Monday, April 13, 2009
National Public Radio's Morning Edition had an interesting discussion about the use of elder mediators to help families cope with elder care when disagreements arise among family members and between the elder parent and other caregiving relatives. The brief overview of the program provides,
They are disputes that can split apart families: Mom's left a pot on the stove again, so her daughters want her to give up her house. Dad's got more scrapes on his car, so his kids want to take away the car keys. Now there's a new option for families: Call in an elder mediator, like Rikk Larsen. Larsen comes in as a neutral third party to help families negotiate difficult situations and choices.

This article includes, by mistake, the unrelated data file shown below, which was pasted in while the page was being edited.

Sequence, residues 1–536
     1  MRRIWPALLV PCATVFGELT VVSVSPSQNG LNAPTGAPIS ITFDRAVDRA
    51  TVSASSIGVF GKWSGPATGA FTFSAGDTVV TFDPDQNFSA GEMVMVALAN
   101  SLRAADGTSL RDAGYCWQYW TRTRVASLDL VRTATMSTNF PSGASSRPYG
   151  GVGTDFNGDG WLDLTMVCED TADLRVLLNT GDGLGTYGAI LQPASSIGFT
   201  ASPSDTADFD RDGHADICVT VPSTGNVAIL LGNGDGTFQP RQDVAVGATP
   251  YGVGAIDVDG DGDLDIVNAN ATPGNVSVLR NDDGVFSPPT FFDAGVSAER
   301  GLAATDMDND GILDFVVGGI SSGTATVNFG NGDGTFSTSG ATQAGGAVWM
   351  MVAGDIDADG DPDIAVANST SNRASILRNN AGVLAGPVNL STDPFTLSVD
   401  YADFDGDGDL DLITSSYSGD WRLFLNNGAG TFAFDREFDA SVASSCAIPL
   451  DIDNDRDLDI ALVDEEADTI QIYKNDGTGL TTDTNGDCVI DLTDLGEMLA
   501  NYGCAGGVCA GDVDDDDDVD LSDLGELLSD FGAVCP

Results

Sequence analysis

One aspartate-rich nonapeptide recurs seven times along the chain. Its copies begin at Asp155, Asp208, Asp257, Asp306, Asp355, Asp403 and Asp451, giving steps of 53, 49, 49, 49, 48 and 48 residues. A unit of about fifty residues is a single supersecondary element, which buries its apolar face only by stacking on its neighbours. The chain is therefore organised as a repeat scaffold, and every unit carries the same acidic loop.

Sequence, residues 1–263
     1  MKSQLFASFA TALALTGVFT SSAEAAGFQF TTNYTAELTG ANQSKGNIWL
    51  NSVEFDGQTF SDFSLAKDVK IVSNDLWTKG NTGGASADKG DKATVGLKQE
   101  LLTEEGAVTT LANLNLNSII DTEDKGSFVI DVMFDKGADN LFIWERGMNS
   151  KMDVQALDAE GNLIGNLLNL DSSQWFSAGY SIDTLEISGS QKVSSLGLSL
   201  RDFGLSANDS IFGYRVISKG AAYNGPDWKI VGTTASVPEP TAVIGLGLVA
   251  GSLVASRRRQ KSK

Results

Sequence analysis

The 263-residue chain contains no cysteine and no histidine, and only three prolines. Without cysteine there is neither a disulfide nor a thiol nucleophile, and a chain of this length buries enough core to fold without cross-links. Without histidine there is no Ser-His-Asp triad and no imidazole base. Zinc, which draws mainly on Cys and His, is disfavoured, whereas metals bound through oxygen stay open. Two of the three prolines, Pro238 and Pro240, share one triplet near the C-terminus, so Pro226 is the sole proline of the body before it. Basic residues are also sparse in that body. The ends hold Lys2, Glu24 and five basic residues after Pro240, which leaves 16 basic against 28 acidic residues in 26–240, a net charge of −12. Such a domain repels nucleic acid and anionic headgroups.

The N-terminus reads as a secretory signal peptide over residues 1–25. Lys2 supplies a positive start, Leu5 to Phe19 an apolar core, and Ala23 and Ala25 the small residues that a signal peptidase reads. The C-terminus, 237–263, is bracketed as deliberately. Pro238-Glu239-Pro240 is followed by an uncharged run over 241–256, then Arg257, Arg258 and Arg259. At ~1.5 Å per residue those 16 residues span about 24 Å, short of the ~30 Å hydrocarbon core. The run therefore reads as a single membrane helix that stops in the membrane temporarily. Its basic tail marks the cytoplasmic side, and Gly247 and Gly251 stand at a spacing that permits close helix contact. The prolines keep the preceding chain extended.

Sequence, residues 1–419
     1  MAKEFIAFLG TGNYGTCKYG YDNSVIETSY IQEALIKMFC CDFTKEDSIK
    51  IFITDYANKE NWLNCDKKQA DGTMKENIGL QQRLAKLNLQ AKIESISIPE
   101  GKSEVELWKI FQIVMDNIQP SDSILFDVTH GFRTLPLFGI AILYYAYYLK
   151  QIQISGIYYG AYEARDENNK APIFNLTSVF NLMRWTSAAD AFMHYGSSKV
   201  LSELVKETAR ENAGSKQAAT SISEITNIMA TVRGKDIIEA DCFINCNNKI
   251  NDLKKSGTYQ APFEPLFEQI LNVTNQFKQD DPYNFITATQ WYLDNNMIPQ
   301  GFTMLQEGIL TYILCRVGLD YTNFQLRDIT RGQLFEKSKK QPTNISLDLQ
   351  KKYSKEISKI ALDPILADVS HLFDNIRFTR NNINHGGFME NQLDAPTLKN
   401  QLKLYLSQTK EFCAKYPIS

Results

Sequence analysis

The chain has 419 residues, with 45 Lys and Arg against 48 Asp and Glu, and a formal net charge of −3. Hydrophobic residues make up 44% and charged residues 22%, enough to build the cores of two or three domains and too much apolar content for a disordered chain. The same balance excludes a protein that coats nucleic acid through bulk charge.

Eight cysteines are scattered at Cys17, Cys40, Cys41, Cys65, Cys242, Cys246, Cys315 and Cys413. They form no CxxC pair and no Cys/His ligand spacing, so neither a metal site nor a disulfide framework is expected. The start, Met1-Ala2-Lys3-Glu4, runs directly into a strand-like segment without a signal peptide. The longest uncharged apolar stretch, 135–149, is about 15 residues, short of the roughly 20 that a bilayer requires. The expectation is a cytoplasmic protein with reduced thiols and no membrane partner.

He talks about one case where an elderly father was getting forgetful and wasn't paying his monthly bills. His children — who lived far away — found out when the father's heat and electricity were turned off. But the elderly man got angry when the kids tried to help. "Dad simply didn't want any of his kids to know how much money he had and how his finances were organized," says Larsen, and things were getting worse. One son insisted on going to court to get his father declared mentally incompetent, so the family could take control of the father's finances. But after Larsen mediated, the brothers and sisters — along with the father — came up with a simpler solution. The father's accountant sent an assistant every couple of weeks to help the elderly man pay his bills. "It became this kind of business meeting that the father had, and he got to maintain his dignity and his sense of control, and the bills got paid," Larsen says. . . .